Revistes Catalanes amb Accés Obert (RACO)

Migración rural-rural y deforestación en la Reserva de la Biosfera Maya, Guatemala. Método de entrevistas

David L. Carr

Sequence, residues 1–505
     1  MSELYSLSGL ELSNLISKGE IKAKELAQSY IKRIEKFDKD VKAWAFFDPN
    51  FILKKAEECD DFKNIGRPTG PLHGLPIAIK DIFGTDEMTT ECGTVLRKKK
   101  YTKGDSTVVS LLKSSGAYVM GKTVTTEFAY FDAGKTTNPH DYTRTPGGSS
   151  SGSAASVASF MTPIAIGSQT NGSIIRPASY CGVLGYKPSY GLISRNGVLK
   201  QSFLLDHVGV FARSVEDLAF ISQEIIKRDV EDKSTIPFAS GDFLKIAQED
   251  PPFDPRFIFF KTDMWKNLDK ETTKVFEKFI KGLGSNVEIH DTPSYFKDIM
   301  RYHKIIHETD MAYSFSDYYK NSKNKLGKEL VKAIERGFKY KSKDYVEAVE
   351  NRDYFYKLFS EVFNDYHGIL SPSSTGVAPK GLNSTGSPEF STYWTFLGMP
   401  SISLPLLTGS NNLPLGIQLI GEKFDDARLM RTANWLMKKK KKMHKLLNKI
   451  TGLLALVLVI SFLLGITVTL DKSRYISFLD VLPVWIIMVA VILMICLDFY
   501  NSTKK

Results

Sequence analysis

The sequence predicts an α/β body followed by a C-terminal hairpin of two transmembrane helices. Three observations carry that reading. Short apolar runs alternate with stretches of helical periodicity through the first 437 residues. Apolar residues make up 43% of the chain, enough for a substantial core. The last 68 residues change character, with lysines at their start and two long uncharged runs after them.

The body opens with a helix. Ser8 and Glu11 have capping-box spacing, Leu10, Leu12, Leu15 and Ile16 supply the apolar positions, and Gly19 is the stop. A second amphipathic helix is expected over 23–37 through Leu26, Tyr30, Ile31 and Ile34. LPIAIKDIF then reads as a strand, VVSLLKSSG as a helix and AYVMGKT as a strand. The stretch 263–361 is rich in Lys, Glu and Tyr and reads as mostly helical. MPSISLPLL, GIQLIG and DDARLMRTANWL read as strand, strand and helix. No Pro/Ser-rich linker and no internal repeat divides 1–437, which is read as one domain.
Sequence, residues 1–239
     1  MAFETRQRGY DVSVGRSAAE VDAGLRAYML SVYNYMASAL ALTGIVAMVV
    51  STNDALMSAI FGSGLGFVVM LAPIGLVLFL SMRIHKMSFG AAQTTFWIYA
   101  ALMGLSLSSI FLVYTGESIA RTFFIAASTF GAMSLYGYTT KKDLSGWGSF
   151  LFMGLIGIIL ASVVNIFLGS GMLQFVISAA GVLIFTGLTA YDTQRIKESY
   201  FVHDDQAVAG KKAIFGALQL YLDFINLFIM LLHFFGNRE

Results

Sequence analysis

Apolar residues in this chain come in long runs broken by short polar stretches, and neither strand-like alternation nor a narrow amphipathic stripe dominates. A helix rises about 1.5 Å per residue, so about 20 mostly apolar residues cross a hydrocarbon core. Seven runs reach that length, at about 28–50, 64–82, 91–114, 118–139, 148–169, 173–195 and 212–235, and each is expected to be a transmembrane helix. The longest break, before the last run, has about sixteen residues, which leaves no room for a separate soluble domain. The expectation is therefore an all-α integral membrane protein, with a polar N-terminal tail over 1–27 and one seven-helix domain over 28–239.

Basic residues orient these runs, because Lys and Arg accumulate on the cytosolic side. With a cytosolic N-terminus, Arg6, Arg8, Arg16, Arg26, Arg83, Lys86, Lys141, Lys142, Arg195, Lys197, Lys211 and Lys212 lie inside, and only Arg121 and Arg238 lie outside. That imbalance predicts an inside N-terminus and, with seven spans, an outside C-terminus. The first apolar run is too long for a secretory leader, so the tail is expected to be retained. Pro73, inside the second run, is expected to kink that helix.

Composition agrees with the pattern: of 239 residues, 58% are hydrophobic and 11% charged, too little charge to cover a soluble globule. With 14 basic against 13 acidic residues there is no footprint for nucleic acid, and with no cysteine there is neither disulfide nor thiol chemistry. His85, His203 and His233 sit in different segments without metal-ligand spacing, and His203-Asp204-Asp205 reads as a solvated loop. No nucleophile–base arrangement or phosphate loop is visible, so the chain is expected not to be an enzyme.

Barney Nietschmann spoke of the Fourth World in reference to the plight of indigenous peoples around the globe. The agricultural frontier is another sort of Fourth world, a peripheral place within Third World Latin America for colonists of native and mixed ancestry. Much of the deforestation in Latin America occurs at the hands of colonist farmers. Yet in explaining forest clearing, researchers of land use change have focused our attention on where the colonists are, and not why they are there. Similarly, the great majority of research on migration in Latin America relates to rural-urban migration or transnational migration and is therefore only peripherally relevant to deforestation. Inspired by Bamey Nietschniann’s example, this paper discusses a methodology for enhancing the geographical scope of standard land use research by highlighting how migration in response to dynamic human and physical environments in one place and time leads to laud cover change in another place and time.

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